Buongiorno bella Cleo
How much of the phrasebook that you had me reading to you when I babysat last week have you managed to use this week? I hope you are having a great time and be sure to send me a postcard.
The Radetzky March is one of my favourite musical pieces; the reason for this is a little obscure. I hear it often, at least once a week, Dawn, the Karaoke girl, plays it and it is an excuse for her and the bar staff to play the tune with spoons on the optics behind the bar.
The first pass was with a Sharpie with eyes closed, the second pass was with Indian ink and a brush with eyes open. I kept my eyes open for the third pass with Conte crayons and charcoal.
I forgot to take a progress photograph but these people came to visit during the second pass and stayed the night out the back in the shed. They said they were marching to Egypt for Jesus.
Figure 1 (17 08 10) Assignment piece Flight Sharpie, ink, Conte crayons and charcoal on A2 sugar paper
I knew these people were in my head, my Mum, Dad and Nana put them there a long time ago and I still cherish them. Whilst it is a very traditional subject I feel I have treated it in an original way, it retains however a strong link with the colour plate I knew as a child, in my Nana’s bible, that so long ago sparked my love for art. I have been lucky enough to go to Florence and see the original since.
I have used a narrow palette of colours with the blue contrasting with the yellows and browns in much the same way as Vincent did in his Pieta. The colours are mainly bright which is probably a result of the speed of working, but the image has an overall warmth due to the extensive use of browns and yellows. The variation of the blues modelling the dress of virgin, draws attention to the importance of the virgin in this scene.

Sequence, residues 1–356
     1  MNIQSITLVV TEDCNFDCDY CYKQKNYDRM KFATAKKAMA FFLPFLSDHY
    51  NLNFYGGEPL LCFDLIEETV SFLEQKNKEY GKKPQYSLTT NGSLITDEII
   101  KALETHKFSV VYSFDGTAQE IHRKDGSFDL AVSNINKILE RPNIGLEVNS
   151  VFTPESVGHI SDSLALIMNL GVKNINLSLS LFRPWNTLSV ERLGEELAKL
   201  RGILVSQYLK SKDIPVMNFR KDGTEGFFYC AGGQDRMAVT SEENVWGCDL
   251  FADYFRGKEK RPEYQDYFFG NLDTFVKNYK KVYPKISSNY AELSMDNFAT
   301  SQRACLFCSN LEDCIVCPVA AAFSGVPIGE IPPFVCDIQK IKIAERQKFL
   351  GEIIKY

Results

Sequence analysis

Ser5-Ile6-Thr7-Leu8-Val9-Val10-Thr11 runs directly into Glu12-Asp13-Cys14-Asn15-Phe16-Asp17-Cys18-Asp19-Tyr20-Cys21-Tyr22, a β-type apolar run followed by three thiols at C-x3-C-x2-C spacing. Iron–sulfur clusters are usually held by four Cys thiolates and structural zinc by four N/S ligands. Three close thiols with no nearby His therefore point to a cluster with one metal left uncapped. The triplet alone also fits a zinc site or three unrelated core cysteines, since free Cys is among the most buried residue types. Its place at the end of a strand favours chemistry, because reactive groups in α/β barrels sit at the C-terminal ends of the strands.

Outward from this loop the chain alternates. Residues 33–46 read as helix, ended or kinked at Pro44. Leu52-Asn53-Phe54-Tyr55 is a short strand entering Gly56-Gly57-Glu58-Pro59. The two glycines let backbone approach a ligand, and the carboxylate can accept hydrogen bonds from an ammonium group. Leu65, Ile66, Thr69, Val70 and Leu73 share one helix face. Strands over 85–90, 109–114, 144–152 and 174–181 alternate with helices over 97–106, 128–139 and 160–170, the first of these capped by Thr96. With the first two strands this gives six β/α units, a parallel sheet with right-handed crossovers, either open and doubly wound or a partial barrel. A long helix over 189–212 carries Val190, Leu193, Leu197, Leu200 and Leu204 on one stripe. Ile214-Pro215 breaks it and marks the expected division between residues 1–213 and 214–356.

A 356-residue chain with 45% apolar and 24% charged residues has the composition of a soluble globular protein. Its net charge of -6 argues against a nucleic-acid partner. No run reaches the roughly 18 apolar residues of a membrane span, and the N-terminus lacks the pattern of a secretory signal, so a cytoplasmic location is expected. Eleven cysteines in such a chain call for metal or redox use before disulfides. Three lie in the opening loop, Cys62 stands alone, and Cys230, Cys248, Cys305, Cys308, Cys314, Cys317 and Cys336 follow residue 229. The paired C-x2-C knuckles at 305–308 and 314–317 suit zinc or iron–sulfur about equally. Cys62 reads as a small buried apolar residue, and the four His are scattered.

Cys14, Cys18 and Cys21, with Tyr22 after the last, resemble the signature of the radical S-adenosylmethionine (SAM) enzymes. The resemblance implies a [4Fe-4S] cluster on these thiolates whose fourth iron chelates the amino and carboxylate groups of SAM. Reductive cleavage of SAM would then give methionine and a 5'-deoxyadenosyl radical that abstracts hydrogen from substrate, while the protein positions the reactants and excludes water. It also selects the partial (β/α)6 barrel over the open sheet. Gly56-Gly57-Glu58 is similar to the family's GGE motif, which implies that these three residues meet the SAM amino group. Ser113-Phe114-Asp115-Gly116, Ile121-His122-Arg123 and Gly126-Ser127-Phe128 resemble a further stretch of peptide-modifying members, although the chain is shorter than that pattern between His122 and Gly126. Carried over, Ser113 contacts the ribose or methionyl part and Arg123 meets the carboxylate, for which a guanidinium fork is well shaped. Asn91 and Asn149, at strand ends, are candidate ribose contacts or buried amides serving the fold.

The variety of mediums used in the piece gives me as much freedom as possible. The blind use of the Sharpie got rid of the blank canvas giving me confidence and the ink was used freely to model the figures. The Conte crayon recalls the soft tones of the early Renaissance frescos and the lack of blending gives a certain vitality to the piece. The combination of the various media contributes to the expressiveness of the piece.
The space in the picture has been achieved by the overlapping of the main forms and the diminishing scale and atmospheric perspective of the background. Interestingly on the right of the background a cross has manifested itself, this was not intentional is could be classed as a happy accident. The faces of the figures are composed around the rule of thirds so as to draw the eye to them.
The use of the Sharpie line in the final piece gives vibrancy to the work that prevents the eye from settling and the inked contour lines of the figures, which have been softened by the later addition of the Conte crayon have a flowing quality in contrast to the sharpie marks.
It seems odd to be painting a Christmas scene in August, but perhaps it will give plenty of time to sort out a limited edition print run for the people on my mailing list and to discover the trials and tribulation of that process.
Well Cleo there you go, Christmas in August, almost as unseasonable as the weather
Love as always